Switzerland’s largest cemetery and the central cemetery of the city of Basel exudes a monumental power with its clear axes and old trees. The redesign of sector 12 on the cemetery’s rearward slope allows the severe beauty of the old-established site to gradually transition into the contemplative tranquillity of unrestrained nature.
50 Hectares of Parkland
The formally designed cemetery based on the plans by the architects Bräuninger, Burckhardt, Klingelfuss, Leu and Suter, was inaugurated in 1932, after which it was steadily expanded. The symmetrically arranged garden area measures around 50 hectares in size and houses tens of thousands of graves. Between 1960 and 1963 sector 12 was created on the area ‘Im finsteren Boden’
– on a steep slope. In 1997 the complete overhaul of this part of the cemetery became necessary because its damp ground had caused it to become dilapidated.
Architectural Symbols – Unbridled Nature
The design transitions the symmetry of the cemetery to the neighbouring landscape. Departing from the imposing central axis, the path leads to the forest in wide, sweeping curves. Behind the building that houses the urns it widens surprisingly into an elongated square, giving the eye a captivating resting place in front of the backdrop of swaying groves on the hillside. Across a bridge the path climbs through the forest garden into gently oscillating meadows. Architectural symbols and the horizontal lines of the paths are woven into the space.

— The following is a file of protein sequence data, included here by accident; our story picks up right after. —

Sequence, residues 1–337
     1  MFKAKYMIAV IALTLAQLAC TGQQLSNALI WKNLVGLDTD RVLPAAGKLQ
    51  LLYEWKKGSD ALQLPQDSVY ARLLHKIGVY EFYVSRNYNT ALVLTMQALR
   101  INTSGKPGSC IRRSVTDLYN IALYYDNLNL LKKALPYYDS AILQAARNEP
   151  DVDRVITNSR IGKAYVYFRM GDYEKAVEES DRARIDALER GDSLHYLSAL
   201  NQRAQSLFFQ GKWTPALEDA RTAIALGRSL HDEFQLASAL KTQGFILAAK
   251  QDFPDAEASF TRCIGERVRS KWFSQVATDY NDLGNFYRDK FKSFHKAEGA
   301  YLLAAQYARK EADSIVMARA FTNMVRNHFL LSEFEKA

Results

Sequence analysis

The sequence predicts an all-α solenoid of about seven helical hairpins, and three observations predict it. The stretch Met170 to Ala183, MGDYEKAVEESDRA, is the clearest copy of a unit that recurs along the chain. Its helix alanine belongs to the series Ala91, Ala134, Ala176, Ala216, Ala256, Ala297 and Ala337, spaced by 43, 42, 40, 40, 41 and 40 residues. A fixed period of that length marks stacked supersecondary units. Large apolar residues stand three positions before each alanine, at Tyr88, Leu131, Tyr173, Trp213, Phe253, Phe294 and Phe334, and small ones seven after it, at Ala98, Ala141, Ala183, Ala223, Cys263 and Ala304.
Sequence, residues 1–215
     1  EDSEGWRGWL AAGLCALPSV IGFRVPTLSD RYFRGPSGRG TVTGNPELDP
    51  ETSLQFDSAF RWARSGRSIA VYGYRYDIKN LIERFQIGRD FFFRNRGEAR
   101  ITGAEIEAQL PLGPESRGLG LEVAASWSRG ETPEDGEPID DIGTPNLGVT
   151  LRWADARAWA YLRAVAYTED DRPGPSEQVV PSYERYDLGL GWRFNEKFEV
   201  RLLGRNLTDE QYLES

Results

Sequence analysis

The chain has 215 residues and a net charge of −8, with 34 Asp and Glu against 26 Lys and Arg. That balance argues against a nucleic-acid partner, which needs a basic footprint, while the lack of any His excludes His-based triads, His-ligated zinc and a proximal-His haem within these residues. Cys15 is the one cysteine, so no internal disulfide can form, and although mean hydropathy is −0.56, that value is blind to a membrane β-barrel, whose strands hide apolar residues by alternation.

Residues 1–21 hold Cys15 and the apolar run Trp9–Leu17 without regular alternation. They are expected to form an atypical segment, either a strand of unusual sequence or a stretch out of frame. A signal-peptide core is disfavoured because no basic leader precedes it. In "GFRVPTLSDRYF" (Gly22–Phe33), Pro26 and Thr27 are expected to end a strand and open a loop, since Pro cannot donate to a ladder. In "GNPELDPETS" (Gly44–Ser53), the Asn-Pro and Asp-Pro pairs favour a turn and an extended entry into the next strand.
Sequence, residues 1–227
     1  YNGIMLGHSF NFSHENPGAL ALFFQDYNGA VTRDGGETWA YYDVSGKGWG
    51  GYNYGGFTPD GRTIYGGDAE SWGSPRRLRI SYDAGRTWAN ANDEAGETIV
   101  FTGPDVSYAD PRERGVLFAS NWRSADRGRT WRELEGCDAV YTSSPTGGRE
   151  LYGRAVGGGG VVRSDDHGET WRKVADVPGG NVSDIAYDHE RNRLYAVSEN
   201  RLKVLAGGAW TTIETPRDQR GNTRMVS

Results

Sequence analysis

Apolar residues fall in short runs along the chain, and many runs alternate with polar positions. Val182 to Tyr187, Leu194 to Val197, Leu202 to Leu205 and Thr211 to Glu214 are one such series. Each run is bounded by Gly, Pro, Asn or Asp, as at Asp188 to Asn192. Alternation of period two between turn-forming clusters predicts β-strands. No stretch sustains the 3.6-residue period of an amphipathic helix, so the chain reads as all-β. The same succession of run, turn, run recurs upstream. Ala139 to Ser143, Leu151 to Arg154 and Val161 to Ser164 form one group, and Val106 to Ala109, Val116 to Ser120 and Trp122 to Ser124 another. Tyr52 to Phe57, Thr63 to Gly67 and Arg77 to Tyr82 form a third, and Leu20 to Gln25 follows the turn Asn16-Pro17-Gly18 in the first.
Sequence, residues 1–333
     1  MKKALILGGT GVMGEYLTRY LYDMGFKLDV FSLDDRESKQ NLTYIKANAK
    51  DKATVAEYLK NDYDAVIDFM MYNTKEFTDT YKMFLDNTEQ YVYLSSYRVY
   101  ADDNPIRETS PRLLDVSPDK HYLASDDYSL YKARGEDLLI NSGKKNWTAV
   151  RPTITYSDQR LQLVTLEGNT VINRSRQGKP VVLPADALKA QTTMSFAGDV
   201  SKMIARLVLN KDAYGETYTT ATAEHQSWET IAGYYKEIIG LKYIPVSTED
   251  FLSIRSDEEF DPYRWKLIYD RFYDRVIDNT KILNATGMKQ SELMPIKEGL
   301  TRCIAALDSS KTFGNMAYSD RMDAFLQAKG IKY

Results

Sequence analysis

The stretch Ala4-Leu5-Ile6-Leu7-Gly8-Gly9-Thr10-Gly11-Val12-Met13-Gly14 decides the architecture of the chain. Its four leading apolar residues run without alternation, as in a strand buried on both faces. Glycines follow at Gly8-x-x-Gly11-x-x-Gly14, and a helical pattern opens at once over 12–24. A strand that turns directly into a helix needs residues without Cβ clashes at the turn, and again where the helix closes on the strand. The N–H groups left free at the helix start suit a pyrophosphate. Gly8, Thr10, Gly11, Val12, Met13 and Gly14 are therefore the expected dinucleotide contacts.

A Place for the Living
Between all of this unbridled nature maintains the upper hand; orchids and underbrush emit their scent. Cut strips of grass lead to the tomb slabs. Once arrived at the top, the open view reveals itself to visitors. The cemetery is a place of refuge for the grieving and for walkers – it is a place for the living.
Baudepartement Kanton Basel-Stadt,
Stadtgärtnerei und Friedhöfe
Project competition: 1995, 1st prize
Planning phase: 1997–1999
Implementation phase: 2001–2003
Area: 61’500 m²
Schoop Architekten AG, Baden